Research provides new insight into changes that take place in the human body during and after having a sauna.
London: Taking a sauna bath of 30 minutes reduces blood pressure and increases vascular compliance as well as heart rate similarly to medium-intensity exercise, a study has found.
The research provides new insight into changes that take place in the human body during and after having a sauna.
The study published in the Journal of Human Hypertension analysed the effects of a 30-minute sauna bath in 100 participants.
In particular, the objective was to analyse the role of vascular compliance and reduced blood pressure in the health benefits caused by sauna bathing.
Vascular compliance was measured from the carotid and femoral artery before sauna, immediately after sauna, and after 30 minutes of recovery, said researchers from the University of Eastern Finland.
These vascular compliance measurements carried out in the experimental study constitute a new assessment method in a sauna setting.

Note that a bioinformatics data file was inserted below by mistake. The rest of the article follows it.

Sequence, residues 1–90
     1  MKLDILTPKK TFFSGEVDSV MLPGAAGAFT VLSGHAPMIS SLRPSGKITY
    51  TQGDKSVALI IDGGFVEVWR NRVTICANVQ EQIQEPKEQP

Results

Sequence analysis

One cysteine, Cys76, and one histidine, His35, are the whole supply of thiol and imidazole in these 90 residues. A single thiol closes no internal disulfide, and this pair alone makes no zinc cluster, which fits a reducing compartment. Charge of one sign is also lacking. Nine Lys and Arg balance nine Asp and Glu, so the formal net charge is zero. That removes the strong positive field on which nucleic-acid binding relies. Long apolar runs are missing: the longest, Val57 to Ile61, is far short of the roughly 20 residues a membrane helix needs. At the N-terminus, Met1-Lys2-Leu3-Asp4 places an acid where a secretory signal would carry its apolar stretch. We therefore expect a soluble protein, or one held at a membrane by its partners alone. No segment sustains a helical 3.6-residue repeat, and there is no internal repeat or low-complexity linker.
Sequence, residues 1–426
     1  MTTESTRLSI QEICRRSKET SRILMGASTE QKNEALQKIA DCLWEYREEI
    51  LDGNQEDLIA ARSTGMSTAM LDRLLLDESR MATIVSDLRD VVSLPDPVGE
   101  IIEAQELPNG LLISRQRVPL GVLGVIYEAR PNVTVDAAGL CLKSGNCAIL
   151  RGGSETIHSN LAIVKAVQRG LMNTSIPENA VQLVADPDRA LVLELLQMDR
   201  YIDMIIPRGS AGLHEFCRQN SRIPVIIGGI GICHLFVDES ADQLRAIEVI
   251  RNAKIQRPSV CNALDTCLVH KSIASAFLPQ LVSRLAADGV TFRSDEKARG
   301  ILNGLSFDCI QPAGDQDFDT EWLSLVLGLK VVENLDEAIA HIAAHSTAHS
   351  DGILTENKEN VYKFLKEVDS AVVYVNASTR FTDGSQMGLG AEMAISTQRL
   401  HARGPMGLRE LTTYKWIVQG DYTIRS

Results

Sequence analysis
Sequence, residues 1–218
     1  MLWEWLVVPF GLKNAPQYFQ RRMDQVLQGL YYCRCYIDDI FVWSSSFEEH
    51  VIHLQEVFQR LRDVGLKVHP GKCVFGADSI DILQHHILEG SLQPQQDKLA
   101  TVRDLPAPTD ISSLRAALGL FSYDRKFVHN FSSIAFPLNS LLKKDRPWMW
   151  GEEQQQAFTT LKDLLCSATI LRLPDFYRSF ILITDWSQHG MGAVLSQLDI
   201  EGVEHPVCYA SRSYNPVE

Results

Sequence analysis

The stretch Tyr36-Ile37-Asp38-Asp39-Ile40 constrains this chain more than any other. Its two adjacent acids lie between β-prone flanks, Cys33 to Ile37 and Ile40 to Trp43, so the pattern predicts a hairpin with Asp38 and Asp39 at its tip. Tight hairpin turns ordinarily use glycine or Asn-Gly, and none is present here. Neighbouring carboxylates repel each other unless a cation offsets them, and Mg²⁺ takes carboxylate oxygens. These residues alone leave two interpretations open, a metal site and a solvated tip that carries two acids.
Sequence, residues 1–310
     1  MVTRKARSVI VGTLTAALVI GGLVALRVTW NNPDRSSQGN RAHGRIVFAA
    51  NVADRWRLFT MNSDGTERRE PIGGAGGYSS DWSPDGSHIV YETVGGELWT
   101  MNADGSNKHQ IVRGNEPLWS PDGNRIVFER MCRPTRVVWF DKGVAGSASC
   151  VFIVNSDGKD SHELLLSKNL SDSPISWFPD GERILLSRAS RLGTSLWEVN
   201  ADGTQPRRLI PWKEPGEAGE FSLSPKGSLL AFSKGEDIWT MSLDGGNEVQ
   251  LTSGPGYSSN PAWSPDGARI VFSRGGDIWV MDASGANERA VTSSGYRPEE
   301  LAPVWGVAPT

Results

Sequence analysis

Immediately after 30 minutes of sauna bathing, systolic blood pressure of the participants reduced from 137 mmHg to 130 mmHg, and their diastolic blood pressure from 82 mmHg to 75 mmHg.
Furthermore, their systolic blood pressure remained lower even after 30 minutes of sauna bathing.
During sauna bathing, test subjects' heart rate increased similarly to medium-intensity exercise, and their body temperature rose by approximately 2 degrees Celsius.
The findings shed light on the physiological mechanisms through which health benefits, which have been observed at the population level and are caused by the heat exposure of sauna, may develop.